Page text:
NARA to deepen knowledge in Northern Indian Ocean

Friday, 4 February 2011 00:39 -     - {{hitsCtrl.values.hits}}

By Shezna Shums

The prospects of working out a Memorandum of Understanding (MoU) for finding a way forward towards gaining more knowledge and expertise in the field of Air Sea Interactions in the Northern Indian Ocean was discussed between the National Aquatic Resources Research and Development Agency (NARA) and the University of Notre Dame yesterday.

A delegation of researchers from the United States held a seminar with officials of NARA, and several other local persons involved in Oceanography, marine biology and environment studies to ascertain a way forward to improve studies within this region’s ocean and benefit from this knowledge base in order to make more precise and better weather and natural disaster forecasts.

Dr. Terri Paluszkiewiez and Scott Harper from the office of Naval Research said that data and expertise  sharing and the governed used of this information was vital in making better predictions of natural disasters, climate change and other climate related issues.

The concept of training and providing knowledge to students interested in this field was also highlighted at the seminar.

One important aspect highlighted at the seminar was the fact that very little studies have been done on the northern Indian Ocean, when compared with the amount of research and studies done on other oceans. The northern Indian Ocean is also one area which sees a number of monsoons and such studies will immensely help in the advancement of weather and climate predictions and such increased information on the northern Indian Ocean will also help ships and fishermen when they are out at sea it was agreed.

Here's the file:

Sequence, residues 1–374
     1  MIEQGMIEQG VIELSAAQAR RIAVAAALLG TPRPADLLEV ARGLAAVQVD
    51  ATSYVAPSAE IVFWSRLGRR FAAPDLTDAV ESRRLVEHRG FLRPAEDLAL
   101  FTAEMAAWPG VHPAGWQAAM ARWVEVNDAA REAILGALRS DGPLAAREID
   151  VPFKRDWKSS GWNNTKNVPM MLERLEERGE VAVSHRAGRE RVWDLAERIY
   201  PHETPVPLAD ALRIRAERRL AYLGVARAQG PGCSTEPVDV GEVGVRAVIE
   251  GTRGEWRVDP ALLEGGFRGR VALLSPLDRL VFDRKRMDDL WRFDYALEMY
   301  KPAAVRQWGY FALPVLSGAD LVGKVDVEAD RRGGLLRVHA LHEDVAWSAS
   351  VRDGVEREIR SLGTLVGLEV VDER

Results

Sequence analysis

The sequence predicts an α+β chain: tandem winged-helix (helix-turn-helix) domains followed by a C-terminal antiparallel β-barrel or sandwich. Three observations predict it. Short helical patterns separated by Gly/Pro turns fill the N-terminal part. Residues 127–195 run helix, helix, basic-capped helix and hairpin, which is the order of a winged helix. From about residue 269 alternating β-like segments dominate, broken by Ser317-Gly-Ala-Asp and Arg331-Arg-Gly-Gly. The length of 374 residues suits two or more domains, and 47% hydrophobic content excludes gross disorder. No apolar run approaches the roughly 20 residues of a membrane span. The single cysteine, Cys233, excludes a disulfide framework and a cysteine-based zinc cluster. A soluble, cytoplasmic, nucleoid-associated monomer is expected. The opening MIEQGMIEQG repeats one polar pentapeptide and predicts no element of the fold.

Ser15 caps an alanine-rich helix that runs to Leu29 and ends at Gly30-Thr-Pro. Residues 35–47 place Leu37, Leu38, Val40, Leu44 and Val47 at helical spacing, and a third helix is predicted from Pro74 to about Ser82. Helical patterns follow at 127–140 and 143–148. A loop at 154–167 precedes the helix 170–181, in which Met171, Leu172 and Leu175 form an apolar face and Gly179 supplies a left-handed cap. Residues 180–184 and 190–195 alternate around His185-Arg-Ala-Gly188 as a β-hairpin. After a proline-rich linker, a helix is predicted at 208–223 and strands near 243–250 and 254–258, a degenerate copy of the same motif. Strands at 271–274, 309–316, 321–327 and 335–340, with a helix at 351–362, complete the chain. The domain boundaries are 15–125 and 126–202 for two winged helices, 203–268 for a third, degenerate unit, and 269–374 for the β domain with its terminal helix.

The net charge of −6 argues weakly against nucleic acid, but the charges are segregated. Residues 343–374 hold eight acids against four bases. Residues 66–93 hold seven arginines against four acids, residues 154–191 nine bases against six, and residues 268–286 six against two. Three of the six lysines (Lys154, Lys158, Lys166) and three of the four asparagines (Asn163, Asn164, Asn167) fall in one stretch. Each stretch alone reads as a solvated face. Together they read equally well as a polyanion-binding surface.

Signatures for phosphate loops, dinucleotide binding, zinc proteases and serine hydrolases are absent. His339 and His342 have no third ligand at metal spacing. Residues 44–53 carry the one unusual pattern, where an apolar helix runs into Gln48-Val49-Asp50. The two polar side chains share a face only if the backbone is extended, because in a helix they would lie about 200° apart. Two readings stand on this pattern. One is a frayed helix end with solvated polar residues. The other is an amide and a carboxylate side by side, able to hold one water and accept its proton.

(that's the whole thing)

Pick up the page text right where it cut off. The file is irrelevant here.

Also speaking at the seminar was Dr. Hemantha Wijesekera, Oceanographer, Naval Research Laboratory who stressed the importance of conducting more studies in the areas of the northern Indian Ocean.

Very little information is available to be used by scientists for their research in this field with regard to the northern Indian Ocean, he stressed.

Wijesekera highlighted some of the methods used by other countries in conducting research about the ocean which could be adopted by Sri Lankan scientists.

Also speaking at the Seminar was Head, National Institute of Oceanography and Marine Sciences (NIOMS) Dr. Kamal Tennakoon who said that there was a dearth of specialists in the country as many of them had left the country for better prospects.

“Human Resources is a key problem in Sri Lanka,” he said while adding that NIOMS still continues their studies around the Island, on lagoons in Trincomalee, major rivers , bays and lakes.

Tennakoon pointed out an important fact that in the southern tip of the country which sees two monsoons a year that produces enough energy for a small scale power plant.

The NIOMS also has three ocean observation centres which are located in Dondra, Trincomalee and Colombo while another centre is being planned in Jaffna.

Such centres provide forecasts from satellite data and are helpful to fishermen who can adjust their deep sea fishing trips according to the information.

Such information would help fishermen reduce their fuel, labour and time when they know exactly where and when to fish to get the best catch.

NARA, Director of Research, Dr. K. Arulananthan who also spoke at the event stated that in 2011 the Agency is looking at concentrating their efforts towards deep water studies and research.

He too highlighted that shortages of specialists in the relevant field, shortages of instruments, infrastructure and training was hindering the research capabilities of the Agency.

Research does not only include studies done about the ocean but on the cyclones affecting the country and the effects it has on agriculture and the country’s infrastructure as well as the fisheries and aquatic areas.